French supermarket recalls beef steaks with wrong expiry date

Packaging dates were incorrectly extended by a month. It comes as France launches an official website dedicated to listing recalled products for consumers

Lidl supermarket logo. French supermarket recalls beef steaks with wrong expiry date
Customers can return affected products to Lidl supermarkets even without a receipt
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An alert has been raised over beef steaks sold by the national supermarket chain Lidl as they have been labelled with the wrong expiry date.

Customers who bought the steaks are asked to return them to the supermarket or be aware of the real expiry date which is a month earlier.

Farmers’ cooperative Sicarev is recalling the product “2 Pavés*** Charolais Label Rouge 260g” from the brand L'étal du boucher, sold by Lidl.

On the packaging, the DLC (Date Limite de Consommation, meaning the expiry date) is incorrect.

Instead of April, 24, 2021, the date on the packaging reads May 24, 2021.

Affected steaks will have the following information on their packaging:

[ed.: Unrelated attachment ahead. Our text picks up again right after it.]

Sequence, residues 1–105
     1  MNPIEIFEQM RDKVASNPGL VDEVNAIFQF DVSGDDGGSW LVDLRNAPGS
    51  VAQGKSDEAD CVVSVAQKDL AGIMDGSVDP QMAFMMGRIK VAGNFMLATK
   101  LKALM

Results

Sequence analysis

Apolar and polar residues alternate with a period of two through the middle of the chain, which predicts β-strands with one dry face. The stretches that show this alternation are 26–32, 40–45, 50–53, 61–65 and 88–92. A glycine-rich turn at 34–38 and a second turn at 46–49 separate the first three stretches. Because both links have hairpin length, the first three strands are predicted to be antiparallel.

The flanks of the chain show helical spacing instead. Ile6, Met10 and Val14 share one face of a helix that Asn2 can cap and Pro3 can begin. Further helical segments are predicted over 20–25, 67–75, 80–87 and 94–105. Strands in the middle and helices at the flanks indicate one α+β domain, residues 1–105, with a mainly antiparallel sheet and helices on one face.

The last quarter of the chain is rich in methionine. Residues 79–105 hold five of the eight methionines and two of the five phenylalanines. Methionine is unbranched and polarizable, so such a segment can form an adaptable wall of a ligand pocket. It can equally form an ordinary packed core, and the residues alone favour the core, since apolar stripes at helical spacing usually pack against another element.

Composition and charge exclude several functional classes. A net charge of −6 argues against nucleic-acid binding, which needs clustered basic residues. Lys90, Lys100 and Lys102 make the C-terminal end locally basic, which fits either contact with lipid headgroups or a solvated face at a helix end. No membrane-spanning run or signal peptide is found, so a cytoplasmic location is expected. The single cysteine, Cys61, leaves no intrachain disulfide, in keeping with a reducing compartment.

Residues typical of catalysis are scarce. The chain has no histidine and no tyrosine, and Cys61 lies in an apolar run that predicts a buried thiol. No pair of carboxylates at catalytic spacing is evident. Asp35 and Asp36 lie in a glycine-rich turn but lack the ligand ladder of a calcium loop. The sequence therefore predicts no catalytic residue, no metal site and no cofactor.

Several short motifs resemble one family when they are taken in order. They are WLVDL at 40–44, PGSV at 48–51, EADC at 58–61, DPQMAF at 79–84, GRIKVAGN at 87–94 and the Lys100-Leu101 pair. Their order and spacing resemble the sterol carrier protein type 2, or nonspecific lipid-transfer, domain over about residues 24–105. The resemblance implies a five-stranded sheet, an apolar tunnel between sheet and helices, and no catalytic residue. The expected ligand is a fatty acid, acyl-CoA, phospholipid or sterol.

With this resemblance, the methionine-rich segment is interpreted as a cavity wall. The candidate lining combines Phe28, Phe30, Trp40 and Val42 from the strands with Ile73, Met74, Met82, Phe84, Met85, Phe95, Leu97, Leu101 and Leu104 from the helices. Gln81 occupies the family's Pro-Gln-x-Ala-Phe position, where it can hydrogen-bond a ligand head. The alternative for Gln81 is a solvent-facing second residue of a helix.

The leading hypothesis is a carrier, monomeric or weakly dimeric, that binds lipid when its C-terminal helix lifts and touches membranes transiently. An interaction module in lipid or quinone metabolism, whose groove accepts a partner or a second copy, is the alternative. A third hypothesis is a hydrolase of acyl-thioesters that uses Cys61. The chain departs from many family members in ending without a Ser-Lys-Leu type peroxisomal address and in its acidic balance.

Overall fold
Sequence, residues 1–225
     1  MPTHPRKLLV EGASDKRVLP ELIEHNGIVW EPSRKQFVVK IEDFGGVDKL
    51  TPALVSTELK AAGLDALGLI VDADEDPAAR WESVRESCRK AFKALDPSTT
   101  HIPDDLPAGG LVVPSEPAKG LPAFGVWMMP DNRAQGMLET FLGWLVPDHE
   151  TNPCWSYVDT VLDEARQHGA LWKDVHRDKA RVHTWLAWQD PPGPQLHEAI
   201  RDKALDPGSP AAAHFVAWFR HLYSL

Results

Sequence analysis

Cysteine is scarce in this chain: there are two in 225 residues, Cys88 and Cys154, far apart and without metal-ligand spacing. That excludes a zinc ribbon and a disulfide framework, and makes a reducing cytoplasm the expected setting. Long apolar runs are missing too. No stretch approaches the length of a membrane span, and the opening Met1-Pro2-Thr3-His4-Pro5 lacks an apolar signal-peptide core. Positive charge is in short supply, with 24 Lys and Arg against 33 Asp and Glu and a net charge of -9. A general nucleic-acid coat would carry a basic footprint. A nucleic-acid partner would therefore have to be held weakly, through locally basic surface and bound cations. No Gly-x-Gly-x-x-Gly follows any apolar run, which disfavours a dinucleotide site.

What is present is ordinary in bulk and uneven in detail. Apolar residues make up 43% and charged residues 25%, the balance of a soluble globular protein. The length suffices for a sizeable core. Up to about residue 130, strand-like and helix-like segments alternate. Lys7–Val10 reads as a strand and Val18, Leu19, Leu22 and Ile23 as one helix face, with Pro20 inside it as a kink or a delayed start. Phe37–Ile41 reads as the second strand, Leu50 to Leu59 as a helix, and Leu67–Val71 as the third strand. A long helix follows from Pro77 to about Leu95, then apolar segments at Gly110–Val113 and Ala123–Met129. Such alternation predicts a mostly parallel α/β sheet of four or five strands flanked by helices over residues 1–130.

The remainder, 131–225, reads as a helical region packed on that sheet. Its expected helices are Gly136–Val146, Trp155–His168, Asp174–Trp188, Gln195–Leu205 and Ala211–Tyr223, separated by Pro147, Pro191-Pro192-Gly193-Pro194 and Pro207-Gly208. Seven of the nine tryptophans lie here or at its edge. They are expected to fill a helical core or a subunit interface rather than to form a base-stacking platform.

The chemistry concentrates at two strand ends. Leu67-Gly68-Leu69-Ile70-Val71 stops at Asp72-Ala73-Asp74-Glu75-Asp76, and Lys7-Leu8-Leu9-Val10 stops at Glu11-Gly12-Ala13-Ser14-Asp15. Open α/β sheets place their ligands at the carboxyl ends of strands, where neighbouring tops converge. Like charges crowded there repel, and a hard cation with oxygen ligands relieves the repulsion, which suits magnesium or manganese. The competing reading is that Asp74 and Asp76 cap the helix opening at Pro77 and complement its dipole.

Brand: L’étal du boucher

EAN : 4056489137849

Lot : 10450717

DLC étiquetée : 24/05/2021

People who have bought any such steaks are advised to eat them before April 24, or to return them to a Lidl supermarket.

Customers can be reimbursed for the mislabelled steaks even if they do not have a receipt.

If you have a question about a product you have bought, you can contact the Lidl customer service helpline on 0 800 900 343.

Site helps consumers identify recalled goods

The government launched an official site in April, called Rappel Conso, where you can check if food and other goods have been recalled, and for what reasons.

In a menu bar on the left, the site categorises recalled products by type, for example, food, cosmetics and beauty, and clothing.

There is also a search bar at the top where you can enter the name of a product to see if it appears on the list.

Recently added items include raspberries recalled due to a possible risk of norovirus, slimming teas with levels of additives that are over safety levels, and a white chocolate tablet, which contains a banned chemical colourant.

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